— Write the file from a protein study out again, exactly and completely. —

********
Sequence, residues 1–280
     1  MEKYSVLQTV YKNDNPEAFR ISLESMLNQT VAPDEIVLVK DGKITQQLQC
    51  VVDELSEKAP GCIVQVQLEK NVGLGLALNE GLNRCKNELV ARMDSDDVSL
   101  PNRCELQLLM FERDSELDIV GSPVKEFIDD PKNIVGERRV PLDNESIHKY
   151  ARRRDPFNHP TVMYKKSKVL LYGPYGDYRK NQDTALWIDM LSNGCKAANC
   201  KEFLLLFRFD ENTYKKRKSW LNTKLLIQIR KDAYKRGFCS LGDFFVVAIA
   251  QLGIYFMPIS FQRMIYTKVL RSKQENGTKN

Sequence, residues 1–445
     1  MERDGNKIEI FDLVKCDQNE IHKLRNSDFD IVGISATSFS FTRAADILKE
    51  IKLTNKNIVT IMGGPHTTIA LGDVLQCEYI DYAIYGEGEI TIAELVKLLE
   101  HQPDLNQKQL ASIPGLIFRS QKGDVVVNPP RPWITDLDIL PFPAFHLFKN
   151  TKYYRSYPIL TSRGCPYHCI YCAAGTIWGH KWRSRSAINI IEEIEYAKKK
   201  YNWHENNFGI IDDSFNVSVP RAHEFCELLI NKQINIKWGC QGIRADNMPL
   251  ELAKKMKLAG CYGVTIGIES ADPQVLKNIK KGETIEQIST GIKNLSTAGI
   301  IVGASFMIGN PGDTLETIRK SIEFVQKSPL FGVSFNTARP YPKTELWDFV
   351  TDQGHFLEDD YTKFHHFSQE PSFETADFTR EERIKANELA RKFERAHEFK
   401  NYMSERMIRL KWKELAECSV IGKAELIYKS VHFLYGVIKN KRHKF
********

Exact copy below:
Sequence, residues 1–280
     1  MEKYSVLQTV YKNDNPEAFR ISLESMLNQT VAPDEIVLVK DGKITQQLQC
    51  VVDELSEKAP GCIVQVQLEK NVGLGLALNE GLNRCKNELV ARMDSDDVSL
   101  PNRCELQLLM FERDSELDIV GSPVKEFIDD PKNIVGERRV PLDNESIHKY
   151  ARRRDPFNHP TVMYKKSKVL LYGPYGDYRK NQDTALWIDM LSNGCKAANC
   201  KEFLLLFRFD ENTYKKRKSW LNTKLLIQIR KDAYKRGFCS LGDFFVVAIA
   251  QLGIYFMPIS FQRMIYTKVL RSKQENGTKN

Sequence, residues 1–445
     1  MERDGNKIEI FDLVKCDQNE IHKLRNSDFD IVGISATSFS FTRAADILKE
    51  IKLTNKNIVT IMGGPHTTIA LGDVLQCEYI DYAIYGEGEI TIAELVKLLE
   101  HQPDLNQKQL ASIPGLIFRS QKGDVVVNPP RPWITDLDIL PFPAFHLFKN
   151  TKYYRSYPIL TSRGCPYHCI YCAAGTIWGH KWRSRSAINI IEEIEYAKKK
   201  YNWHENNFGI IDDSFNVSVP RAHEFCELLI NKQINIKWGC QGIRADNMPL
   251  ELAKKMKLAG CYGVTIGIES ADPQVLKNIK KGETIEQIST GIKNLSTAGI
   301  IVGASFMIGN PGDTLETIRK SIEFVQKSPL FGVSFNTARP YPKTELWDFV
   351  TDQGHFLEDD YTKFHHFSQE PSFETADFTR EERIKANELA RKFERAHEFK
   401  NYMSERMIRL KWKELAECSV IGKAELIYKS VHFLYGVIKN KRHKF